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Ports' Forum Workshops
Harilaos points out that one of the main aims of European transport policy is to encourage the use of shortsea shipping to reduce congestion on landside transport infrastructure.
He then gives examples of a series of initiatives which will potentially have the effect of making sea transport less competitive. He mentions the ill-conceived initiative to introduce a standardised European Intermodal Loading Unit; the various initiatives on security under which the commission is seeking to impose additional costs on ports over and above what was considered necessary by the IMO negotiators; and the knee-jerk reaction to the Prestige.
He might have added environmental legislation
At a seminar in Brussels, I heard a senior official from DG (Environment) say that “ports have been used to getting their own way” and they must brace themselves for tougher measures to pro-mote conservation and biodiversity.
Aggressive implementation of the Habitats Directive is increasing the costs of development of new port facilities which are urgently needed, and there are worrying signs that the implementation of the Water Framework Directive will interfere with essential dredging work. The overall picture is one of remarkable incoherence: a strategy of seeking to make sea transport more competitive, set against a string of initiatives which will have the opposite effect.
The one area where I take issue with Harilaos is the ill-fated Port Services Directive. The short article below his piece describes the failure of the directive as a setback for competition and efficiency, and includes a disparaging reference to opposition from “various private ports”.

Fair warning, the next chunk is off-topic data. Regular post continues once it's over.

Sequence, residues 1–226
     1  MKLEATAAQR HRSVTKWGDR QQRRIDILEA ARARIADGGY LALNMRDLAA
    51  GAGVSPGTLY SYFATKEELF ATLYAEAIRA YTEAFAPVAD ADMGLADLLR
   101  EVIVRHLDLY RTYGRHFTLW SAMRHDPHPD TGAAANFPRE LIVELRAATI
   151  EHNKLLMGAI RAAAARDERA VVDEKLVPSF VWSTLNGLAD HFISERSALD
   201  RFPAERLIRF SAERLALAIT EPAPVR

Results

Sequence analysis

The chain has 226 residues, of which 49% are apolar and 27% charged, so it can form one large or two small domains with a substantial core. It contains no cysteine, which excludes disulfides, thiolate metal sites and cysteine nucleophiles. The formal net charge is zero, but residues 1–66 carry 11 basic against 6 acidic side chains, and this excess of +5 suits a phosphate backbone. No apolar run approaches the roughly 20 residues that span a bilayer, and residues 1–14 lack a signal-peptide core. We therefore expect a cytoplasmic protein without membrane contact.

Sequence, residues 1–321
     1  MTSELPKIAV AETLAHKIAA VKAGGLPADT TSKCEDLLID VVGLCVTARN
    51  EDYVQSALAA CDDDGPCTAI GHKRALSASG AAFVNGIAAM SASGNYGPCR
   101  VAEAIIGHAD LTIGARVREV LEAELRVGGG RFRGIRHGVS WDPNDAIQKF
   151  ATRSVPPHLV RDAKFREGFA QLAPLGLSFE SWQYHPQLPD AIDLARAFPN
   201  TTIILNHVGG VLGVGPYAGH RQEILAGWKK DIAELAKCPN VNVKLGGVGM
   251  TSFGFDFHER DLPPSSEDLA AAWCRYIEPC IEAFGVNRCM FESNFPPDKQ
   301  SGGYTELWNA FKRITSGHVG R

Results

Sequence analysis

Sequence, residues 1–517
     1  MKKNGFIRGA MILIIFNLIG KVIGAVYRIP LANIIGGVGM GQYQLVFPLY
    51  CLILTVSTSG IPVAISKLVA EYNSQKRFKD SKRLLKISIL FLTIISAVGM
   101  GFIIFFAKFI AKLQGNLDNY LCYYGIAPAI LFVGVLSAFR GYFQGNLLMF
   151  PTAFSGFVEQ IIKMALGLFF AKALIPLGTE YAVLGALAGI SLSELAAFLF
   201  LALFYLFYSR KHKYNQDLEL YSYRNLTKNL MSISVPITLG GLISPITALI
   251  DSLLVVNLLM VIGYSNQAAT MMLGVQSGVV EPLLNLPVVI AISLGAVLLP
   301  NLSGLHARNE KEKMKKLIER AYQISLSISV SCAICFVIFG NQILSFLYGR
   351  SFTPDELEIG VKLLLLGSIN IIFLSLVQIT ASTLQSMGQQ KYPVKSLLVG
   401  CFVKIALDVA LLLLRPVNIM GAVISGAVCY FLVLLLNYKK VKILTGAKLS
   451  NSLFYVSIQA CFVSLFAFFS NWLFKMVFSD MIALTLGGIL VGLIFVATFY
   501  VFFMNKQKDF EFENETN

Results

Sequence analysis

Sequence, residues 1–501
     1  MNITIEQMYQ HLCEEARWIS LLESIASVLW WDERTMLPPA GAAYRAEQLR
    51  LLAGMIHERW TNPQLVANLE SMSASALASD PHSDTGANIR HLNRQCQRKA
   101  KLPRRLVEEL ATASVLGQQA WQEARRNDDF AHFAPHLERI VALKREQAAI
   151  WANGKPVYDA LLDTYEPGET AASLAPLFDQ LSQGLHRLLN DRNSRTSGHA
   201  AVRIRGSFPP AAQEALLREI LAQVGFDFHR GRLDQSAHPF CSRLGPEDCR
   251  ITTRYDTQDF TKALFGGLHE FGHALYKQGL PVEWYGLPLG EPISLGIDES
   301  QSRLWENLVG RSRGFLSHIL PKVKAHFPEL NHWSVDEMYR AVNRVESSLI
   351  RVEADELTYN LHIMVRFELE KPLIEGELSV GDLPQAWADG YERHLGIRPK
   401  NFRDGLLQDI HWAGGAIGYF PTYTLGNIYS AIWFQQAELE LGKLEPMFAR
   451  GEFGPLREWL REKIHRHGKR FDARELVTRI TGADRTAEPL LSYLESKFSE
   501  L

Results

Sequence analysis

The UK port industry is the largest in Europe and the group which represents the major commercial port operators in this country was united in its opposition to the directive, and our membership includes trust ports as well as plcs. Our industry thrives on competition, and our shipowners are on record as saying that they regard our ports as the most efficient in Europe.
The commission maintains that the operations of certain (unnamed) ports are in breach of the principles of the treaty. If that is indeed the case, other remedies are available - Link. To use the blunt instrument of a directive to deal with certain isolated problems was gross overkill.
As far as the UK is concerned, at best it would have entailed unnecessary bureaucracy, and at worst it would have done serious harm.
The commission is now saying that it will do what it should have done at the start, namely take action against individual ports where there are thought to be problems.